03/21/2013 05:27 pm ET Updated May 21, 2013

Please Please Me at 50: Britain's Rock Monarchy Begins


The first sound on the first album. Paul McCartney's impromptu count-off that became the fanfare of a new British Empire that would engulf the world and leave no free nation untouched.

Fifty years ago, on March 22, 1963, EMI released Please Please Me, the debut LP by its newest budding act, The Beatles. Though no one knew at the time, it was the first stage of the showbiz equivalent of an Apollo Saturn V moon rocket, bigger, faster and stronger than anything that had come before. It spent thirty weeks at the top of the British album charts, which had previously been dominated by easy-listening vocalists and film soundtracks. The torch was passed from the old pop guard to a new youth movement to be known as Rock.

Barely a year earlier, the group had performed their first major label audition for Decca only to be rejected, as they would be many times by other labels in the ensuing months. Eventually, in the summer of 1962, they charmed producer and A&R man George Martin into signing them to EMI's Parlophone label. By year's end they had cracked the top twenty on the British charts with their first single and they had a second one on deck. Not bad for a group who had started the year off with little more than a local following in Liverpool and Hamburg, and was shuffling drummers like Spinal Tap.

The following year, they would spontaneously combust in a good way. Shortly after its Jan. 11 release, the "Please Please Me" single (recorded the previous November) began climbing the charts rapidly, catching Mr. Martin by surprise. "Suddenly we had a hit group on our hands and I wanted to get an album out as quickly as possible. And the obvious way to do it was to record pretty quickly." The original idea was to take a mobile recording unit up to Liverpool and tape the group performing live at the Cavern Club, capturing the excitement of this hot new band in their element. But when that was deemed too much of a hassle that wouldn't guarantee a good sounding result, Martin settled for having the boys run through their Cavern set in London's Abbey Road studio 2 on Feb. 11, picking the best numbers and adding them to the singles and B sides they had already cut. But how could they hope to convey the infectious energy of a live Beatles show in the calm atmosphere of a studio without a stage or an audience?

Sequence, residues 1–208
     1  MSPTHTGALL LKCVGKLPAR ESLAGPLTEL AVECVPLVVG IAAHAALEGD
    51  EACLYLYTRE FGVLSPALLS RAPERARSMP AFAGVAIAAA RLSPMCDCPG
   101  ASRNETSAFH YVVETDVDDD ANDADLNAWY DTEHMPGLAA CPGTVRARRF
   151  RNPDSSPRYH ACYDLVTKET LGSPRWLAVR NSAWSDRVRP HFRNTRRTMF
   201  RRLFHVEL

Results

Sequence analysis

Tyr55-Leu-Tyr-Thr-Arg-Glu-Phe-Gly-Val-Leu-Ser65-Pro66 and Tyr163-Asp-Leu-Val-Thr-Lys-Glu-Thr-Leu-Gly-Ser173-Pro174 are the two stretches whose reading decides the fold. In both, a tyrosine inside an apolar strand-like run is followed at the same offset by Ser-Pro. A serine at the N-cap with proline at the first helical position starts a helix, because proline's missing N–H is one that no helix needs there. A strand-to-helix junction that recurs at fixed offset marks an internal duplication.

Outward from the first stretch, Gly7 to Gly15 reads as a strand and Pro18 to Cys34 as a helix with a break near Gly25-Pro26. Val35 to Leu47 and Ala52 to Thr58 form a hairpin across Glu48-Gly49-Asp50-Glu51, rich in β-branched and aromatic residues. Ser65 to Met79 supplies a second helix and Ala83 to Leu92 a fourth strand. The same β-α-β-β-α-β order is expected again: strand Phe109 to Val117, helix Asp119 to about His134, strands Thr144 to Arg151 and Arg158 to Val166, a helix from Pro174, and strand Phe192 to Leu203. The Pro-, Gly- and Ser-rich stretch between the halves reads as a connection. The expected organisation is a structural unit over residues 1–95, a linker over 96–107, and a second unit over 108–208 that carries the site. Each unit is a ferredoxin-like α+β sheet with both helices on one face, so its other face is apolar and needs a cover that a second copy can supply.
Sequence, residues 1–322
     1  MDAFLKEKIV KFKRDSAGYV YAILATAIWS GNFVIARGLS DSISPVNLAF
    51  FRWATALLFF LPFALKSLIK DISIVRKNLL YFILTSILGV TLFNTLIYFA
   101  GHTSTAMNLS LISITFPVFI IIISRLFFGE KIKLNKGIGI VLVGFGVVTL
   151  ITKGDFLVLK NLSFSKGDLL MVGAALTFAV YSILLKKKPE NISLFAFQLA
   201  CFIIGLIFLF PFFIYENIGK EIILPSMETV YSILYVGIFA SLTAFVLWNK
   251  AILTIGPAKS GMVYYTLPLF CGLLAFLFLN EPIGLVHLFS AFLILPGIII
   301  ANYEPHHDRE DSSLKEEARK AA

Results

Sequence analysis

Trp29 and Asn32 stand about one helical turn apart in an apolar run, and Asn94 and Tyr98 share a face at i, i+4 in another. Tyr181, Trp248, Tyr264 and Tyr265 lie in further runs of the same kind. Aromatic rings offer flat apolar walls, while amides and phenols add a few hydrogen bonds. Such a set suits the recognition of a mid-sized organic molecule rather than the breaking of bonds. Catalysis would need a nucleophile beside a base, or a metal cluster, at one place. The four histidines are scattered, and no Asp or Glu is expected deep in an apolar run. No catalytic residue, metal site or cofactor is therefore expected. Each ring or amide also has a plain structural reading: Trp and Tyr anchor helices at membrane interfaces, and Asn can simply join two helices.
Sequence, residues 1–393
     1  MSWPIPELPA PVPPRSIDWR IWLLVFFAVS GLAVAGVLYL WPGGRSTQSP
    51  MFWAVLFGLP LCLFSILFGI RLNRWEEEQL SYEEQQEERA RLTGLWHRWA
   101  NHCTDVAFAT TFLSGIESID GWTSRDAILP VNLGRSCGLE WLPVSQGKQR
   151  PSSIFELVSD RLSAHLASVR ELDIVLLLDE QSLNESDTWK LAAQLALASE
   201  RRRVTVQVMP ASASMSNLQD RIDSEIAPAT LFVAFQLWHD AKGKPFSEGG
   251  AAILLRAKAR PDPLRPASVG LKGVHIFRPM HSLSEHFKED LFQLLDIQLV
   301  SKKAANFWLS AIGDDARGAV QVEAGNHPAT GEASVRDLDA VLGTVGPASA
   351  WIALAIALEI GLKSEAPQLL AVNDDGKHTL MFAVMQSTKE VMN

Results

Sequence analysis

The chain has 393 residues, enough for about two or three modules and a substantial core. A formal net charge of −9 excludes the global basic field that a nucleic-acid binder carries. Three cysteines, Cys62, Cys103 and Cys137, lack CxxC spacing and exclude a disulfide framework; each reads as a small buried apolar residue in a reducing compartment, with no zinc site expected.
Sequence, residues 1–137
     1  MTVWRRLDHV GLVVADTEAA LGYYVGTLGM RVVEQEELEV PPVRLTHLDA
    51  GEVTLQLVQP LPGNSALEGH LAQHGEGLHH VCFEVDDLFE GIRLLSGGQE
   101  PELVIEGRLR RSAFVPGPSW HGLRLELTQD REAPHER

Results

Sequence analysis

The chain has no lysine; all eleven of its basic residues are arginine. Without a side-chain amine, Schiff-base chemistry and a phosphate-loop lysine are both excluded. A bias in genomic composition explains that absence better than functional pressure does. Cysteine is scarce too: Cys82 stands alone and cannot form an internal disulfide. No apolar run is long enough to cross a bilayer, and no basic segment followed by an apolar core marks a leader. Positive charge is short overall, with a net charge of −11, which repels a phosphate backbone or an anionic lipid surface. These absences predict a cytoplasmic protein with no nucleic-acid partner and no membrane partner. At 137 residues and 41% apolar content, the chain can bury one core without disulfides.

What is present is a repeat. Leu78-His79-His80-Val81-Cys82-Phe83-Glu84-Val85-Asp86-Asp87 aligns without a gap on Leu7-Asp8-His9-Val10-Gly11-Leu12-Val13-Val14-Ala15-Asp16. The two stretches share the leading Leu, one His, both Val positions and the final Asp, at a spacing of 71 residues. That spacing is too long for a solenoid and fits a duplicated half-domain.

Studio engineer Norman Smith, the unsung hero of the Beatles' first six albums (who would later produce Pink Floyd), had an idea. The standard method of recording bands was to partition each instrument and place microphones up close so they wouldn't pick up nearby sounds. Smith did away with this practice, removing the sound baffles and pulling back the mics to let the sounds "bleed" from one to the other. He set the Beatles' equipment close together like a jazz combo, and placed ambient mics several feet away to get the sound of the room. The atmosphere was set and the rest was up to the band.

"It was done in twelve hours because they wouldn't spend any more money," John Lennon explained. In those days it was common for a pop group to track an album's worth of material in a single day. What was uncommon was for that one day to produce so much world-class material. The Beatles were not in the best shape, having slogged through one of the harshest winters on record with little downtime. They had colds, which inflamed their sinuses and altered their voices. In spite of this, they were well rehearsed, tight and polished, and from the first song, they were on. With each hour, they grew increasingly more at ease and the energy kept building, as if they had conjured up their own stomping, sweaty audience out of thin air. Several tracks ("I Saw Her Standing There", "Boys", "Twist and Shout") were nailed on the first take. "I don't know how they do it," Martin was heard to say. "We've been recording all day and the longer they go, the better they get."

By the evening session, they were flying through their favorite cover tunes and having a ball, racing to a thunderous, stunning climax with "Twist and Shout." After that, Lennon's larynx was in shreds. "I was bitterly ashamed of it," he said later, "because I knew I could sing it better." Lennon would spend the rest of the decade backing up that statement, from "Money" all the way up through "I Want You (She's So Heavy)." But "Twist and Shout" remains arguably his most iconic performance, because of the youthful determination found in it. Perfect in its imperfection, that track alone delivers the essential truth about the Beatles -- the instant knowledge that John, Paul, George and Ringo put forth everything they had in them and left it all on the field, from the first album to the last.

Please Please Me hit number one on May 11, 1963 and stayed there until the first week of December, yielding to its followup, the mania-inducing juggernaut With The Beatles. Although tracks from Please Please Me were issued at various times in the U.S. on different labels, the album itself, with complete tracks and artwork, didn't appear in the U.S. until its worldwide CD release in 1987. It is now available everywhere on remastered vinyl, capturing a day in history that changed music forever.